• The parliamentary system in Europe gives more power to third parties. Because leftist third parties can gain seats in the government (and sometimes share power: see Britain’s Liberal Democrats), leftists aren’t necessarily wedded to one party, like we are in the United States. Third parties are guaranteed a certain number of seats in a parliament if they get a certain percentage of the vote. Therefore, they can gain some leverage. In the U.S., the Democratic Party is the only choice for leftists because our winner-take-all electoral system prevents the Green Party, or any other liberal third party, from gaining even one seat in Congress. We either vote for a flawed Democratic Party or not vote at all. Because image is important, it seems that many left-wing organizations would rather not be seen publicly fighting with the Democratic Party, for fear that liberal voters will stay home — handing power to the Republicans.
  • Europeans enjoy a more comprehensive social safety net, in large part because of the power of their labor unions relative to American labor unions. A larger portion of European workers belong to unions, who are more able to mobilize millions of people to get out into the streets and protest government-imposed austerity measures, as we have seen them do. It’s easier for a European – who doesn’t have to worry about losing health insurance, unemployment benefits, or childcare — to make the decision to participate in a strike.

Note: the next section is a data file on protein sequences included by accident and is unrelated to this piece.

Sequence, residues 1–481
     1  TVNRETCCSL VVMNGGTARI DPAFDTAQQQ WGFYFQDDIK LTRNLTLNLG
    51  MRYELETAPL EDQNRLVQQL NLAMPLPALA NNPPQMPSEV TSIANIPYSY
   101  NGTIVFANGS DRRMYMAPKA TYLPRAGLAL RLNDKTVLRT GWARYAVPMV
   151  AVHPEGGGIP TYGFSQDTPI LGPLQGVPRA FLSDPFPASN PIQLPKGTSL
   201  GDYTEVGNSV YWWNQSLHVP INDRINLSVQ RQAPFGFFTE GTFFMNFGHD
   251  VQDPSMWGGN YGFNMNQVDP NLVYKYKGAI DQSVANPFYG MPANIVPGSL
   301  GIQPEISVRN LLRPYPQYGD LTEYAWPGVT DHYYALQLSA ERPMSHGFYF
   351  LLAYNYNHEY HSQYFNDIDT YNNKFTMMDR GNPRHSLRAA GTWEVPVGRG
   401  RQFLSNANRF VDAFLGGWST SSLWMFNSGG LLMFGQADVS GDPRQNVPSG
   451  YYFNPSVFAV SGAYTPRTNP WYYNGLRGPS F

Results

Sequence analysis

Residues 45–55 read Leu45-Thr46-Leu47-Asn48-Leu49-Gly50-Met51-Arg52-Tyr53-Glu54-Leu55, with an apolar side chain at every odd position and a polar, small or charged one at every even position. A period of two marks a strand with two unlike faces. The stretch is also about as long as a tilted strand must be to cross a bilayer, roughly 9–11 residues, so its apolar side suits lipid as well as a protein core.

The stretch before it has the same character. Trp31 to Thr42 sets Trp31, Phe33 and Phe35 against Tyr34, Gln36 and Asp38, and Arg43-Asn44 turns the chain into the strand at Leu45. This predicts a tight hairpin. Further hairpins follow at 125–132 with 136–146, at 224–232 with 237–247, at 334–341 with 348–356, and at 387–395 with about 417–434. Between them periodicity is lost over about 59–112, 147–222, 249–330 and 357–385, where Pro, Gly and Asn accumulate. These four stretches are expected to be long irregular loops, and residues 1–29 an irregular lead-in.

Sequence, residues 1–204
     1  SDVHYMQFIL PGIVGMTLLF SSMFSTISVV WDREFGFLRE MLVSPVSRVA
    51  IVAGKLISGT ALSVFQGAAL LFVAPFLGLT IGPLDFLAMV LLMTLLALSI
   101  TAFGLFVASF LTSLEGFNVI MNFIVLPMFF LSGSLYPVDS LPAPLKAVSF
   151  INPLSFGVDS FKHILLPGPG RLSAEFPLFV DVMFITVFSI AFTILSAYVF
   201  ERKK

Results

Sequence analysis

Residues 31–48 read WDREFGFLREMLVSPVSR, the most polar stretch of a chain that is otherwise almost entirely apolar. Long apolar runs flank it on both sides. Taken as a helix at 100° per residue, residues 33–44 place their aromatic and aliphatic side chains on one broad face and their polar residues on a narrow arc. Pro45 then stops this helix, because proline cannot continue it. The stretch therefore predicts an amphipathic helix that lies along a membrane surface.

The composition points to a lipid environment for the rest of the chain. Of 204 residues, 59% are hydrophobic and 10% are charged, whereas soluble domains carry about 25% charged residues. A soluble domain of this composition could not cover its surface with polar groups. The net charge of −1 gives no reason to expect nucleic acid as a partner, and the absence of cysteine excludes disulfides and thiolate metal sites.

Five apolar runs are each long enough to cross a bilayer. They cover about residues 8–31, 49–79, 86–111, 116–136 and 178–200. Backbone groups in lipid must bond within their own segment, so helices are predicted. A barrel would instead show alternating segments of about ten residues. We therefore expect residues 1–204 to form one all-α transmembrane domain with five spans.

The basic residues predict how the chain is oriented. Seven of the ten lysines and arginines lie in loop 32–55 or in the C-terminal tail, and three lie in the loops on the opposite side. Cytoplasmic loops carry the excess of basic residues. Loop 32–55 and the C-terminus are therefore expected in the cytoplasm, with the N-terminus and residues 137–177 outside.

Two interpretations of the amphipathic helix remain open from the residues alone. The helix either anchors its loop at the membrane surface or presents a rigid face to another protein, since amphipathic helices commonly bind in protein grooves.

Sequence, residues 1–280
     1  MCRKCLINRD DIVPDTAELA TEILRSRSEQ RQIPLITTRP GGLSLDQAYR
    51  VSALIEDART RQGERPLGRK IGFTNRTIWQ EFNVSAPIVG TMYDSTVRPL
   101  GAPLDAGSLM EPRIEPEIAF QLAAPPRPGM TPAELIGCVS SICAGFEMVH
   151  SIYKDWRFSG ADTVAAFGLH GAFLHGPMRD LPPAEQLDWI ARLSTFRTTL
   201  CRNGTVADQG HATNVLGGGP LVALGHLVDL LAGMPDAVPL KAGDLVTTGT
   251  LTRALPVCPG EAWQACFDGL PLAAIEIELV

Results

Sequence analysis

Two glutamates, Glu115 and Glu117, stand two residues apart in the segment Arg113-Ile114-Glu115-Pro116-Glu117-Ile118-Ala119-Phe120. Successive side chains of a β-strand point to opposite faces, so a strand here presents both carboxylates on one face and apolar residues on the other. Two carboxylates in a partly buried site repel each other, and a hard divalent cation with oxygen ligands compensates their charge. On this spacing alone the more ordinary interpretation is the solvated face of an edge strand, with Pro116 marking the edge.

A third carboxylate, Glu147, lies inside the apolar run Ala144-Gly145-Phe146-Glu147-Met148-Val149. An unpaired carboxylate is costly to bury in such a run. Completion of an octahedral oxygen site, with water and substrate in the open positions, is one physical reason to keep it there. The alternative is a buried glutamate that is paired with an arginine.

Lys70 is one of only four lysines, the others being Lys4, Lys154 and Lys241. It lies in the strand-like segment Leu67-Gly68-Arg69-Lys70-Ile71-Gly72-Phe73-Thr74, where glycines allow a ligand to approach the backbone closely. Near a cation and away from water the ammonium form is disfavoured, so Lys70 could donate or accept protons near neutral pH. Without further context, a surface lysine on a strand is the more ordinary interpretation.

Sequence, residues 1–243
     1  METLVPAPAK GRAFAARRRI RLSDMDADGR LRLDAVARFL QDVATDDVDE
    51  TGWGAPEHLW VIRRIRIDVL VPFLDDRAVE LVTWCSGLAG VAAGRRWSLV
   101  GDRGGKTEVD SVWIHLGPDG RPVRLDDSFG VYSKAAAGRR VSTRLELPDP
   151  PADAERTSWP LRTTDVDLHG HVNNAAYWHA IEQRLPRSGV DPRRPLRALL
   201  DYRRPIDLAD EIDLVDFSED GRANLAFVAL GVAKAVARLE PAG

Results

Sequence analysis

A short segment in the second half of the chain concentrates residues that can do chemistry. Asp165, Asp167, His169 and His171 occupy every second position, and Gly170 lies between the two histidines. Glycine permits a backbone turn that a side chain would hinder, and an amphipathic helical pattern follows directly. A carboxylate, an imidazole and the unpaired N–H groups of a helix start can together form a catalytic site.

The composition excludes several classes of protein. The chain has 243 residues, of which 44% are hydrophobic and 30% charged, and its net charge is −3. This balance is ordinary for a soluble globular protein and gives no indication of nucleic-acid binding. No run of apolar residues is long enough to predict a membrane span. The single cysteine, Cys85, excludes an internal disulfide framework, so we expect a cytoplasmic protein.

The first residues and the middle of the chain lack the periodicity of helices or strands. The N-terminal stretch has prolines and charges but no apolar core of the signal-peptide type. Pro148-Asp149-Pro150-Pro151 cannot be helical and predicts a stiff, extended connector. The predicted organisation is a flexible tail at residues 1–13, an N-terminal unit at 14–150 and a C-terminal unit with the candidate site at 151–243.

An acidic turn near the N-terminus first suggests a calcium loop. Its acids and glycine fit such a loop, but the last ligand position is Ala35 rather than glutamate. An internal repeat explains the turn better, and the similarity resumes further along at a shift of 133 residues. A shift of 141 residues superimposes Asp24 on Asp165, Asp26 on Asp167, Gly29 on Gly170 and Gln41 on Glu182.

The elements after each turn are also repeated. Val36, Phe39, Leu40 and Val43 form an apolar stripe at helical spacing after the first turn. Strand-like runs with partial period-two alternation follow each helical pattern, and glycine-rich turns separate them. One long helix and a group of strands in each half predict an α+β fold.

• Americans have higher expectations of their government and society than do others around the world. Throughout history, Europeans have had to put up with various incompetent monarchs and bloodthirsty despots before they got democracy, so they’re used to disappointment and failure. And they’ve had to learn patience while enduring centuries of hardship. Compared with Europe, America is a young country, established on the idea of freedom and built with a can-do spirit, and so, that sort of positive thinking comes through even when we protest. You’re likely to see a lot more “Jobs and Justice for the People” signs at an American protest than the more confrontational “Down With the Corporate Regime!” Even the speeches that protest leaders give are sprinkled with “can-do” attitude (Si, se puede!). We still believe that our society can do better and that our best days are ahead. Those high expectations not only explain the softer demeanor of the One Nation participants compared with the European protesters, but also why so many American liberals are upset that President Obama has come up short on the issues they care about.

So, what does all this mean for American progressives? Is the time fast approaching where writing letters and making phone calls to our representatives, knocking on doors and lobbying just isn’t enough? The concentration of wealth has given the powerful and well-connected such an overwhelming advantage in the political process, that the vote of the average person is becoming more and more meaningless. And, the traditional news media are so tilted in favor of the powerful and well-connected, that when the American left protests, it scarcely gets a mention.

It would be amazing to see in American cities the same kind of large scale general strikes that European workers routinely pull off, but that would take better grassroots organization and infrastructure that Americans don’t yet have. Conservative administrations have done so much damage to the American labor movement. If corporate influence continues to obstruct progress, we may have to engage in mass civil disobedience. Bill McKibben, founder of the site 350.org, wrote in a recent op-ed that environmentalists need to start getting tough in their efforts to slow global warming, and he even brought up the prospect of non-violent civil disobedience.